Since there are over 40,000 varieties of rice in the world, one would be hard put to claim that Basmati is one of the very best. But this long-grained rice from India has many fans–perhaps on account of two of its characteristic features: an attractive fragrance and the fact that its cooked grains do not stick together.
If there is a sauce somewhere about on the plate to go with it, Basmati is very fine unadorned. Mixed with bits of browned garlic, butter and parsley, however, the rice is equally good with plain grilled meat or a dish that has little or no sauce to spare for anything but itself….such as the Fried Filet of Sole with Oranges and Fresh Tomatoes it accompanies in one of the diplomatickitchen’s Lunch Menus: Simply Delicious Combinations.
The quantities of butter and garlic in this dish are not negligible… they are, in fact, key attractions. A little more or less garlic is a matter of taste. But butter has a reputation. For years vilified as an enemy to a body’s health, butter has become a guilty pleasure and synthetic and butter ‘flavored’ substances the exemplary substitutes for it.
In all fairness to butter, a word from a knowledgeable source in its favour would not be out of place. As organic gardener and one-time head of the Department of Nutrition Education at Columbia University’s Teacher’s College, Joan Gussow advises, “I trust cows more than chemists.”
Parslied Rice with Browned Garlic Butter (for 6 – 8 people)
- 1 and 3/4 cups of Basmati rice: Jasmine Rice or Carolina Rice are somewhat stickier substitutes and if the rice is going to be moulded and then turned out onto plates for serving, the clinging tendency of their grains will not be a disadvantage.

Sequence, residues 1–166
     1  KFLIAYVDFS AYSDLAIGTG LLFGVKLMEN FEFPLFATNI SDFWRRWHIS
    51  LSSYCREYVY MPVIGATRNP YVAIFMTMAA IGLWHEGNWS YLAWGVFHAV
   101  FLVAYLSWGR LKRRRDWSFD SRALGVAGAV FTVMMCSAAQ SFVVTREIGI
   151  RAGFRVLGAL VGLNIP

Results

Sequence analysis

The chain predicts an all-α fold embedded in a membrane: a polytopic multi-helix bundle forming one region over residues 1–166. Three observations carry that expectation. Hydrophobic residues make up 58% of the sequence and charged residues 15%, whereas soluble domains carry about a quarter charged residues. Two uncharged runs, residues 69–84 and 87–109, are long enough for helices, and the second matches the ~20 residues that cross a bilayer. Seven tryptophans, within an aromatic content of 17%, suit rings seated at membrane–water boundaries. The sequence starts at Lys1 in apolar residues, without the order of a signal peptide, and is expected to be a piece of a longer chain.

- 3 and 1/2 cups of water
- 1 teaspoon of salt
- 6 Tablespoons of Butter
- 8 cloves of garlic, minced
- about 3/4 cup of parsley, measured by putting the parsley in a liquid measuring cup…mince the parsley after measuring it
- fresh ground salt and pepper for seasoning
Optional Garnish Ingredients:
- A bottled, roasted red pepper, cut into strips:
- a couple of Tablespoons of chopped parsley:
- a pot for cooking the rice: the photographed rice was cooked in a 2-quart size pot with a lid
- a large bowl for cooling and drying out the rice
- a small saucepan for browning the garlic
- a buttered ovenproof dish of any shape for reheating the rice: the rice in the photos is reheated in a 1 and 1/2 quart souffle dish
- Optional: Two 1/2 cup sized ramekins, custard cups or small bowls for shaping the rice before turning it out onto plates
1. Pour the water and rice into the pot and add the salt. Bring the water and rice to a boil over medium heat. Then reduce the heat to medium low so that the water simmers gently, cover the pot and cook the rice for 18 minutes. The rice grains will be tender and separate:
2. Turn the rice out into a bowl to cool and dry, covered with a cotton towel or napkin:
3. Preheat the oven to 375 F. In a small saucepan, melt the butter. Add the minced garlic and continue cooking over medium heat until the garlic browns.
4. Add the browned garlic, butter and parsley to the bowl of rice:
5. Mix them well with the rice and season it with fresh ground black pepper and salt:
6. Spoon the rice into the ovenproof dish:
7. Cover the dish with aluminum foil. The rice may be made in advance and set aside at room temperature. Shortly before serving, heat the rice in the oven at 375 F for 15 minutes.
Optional Serving Suggestion:
1. Spoon the rice into a 1/2-cup size ramekin, cup or bowl:
2. Press down on the rice with a second ramekin of the same sort to help the rice stick together:
3. Turn the moulded rice out onto each plate:
4. Garnish with a twist of roasted red pepper and sprinkle with some more parsley:
Alternatively, for a buffet or an outdoor lunch or dinner, the rice may be served straight from the baking dish:
A Note: For useful information on different types of rice and how to use them, diplomatickitchen recommends: ricegourmet.com.
A Second Note: Parslied Rice with Browned Garlic Butter is served with the Main Course of the Lunch Menu: Simply Delicious Combinations.
© Elizabeth Laeuchli, the diplomatickitchen, 2011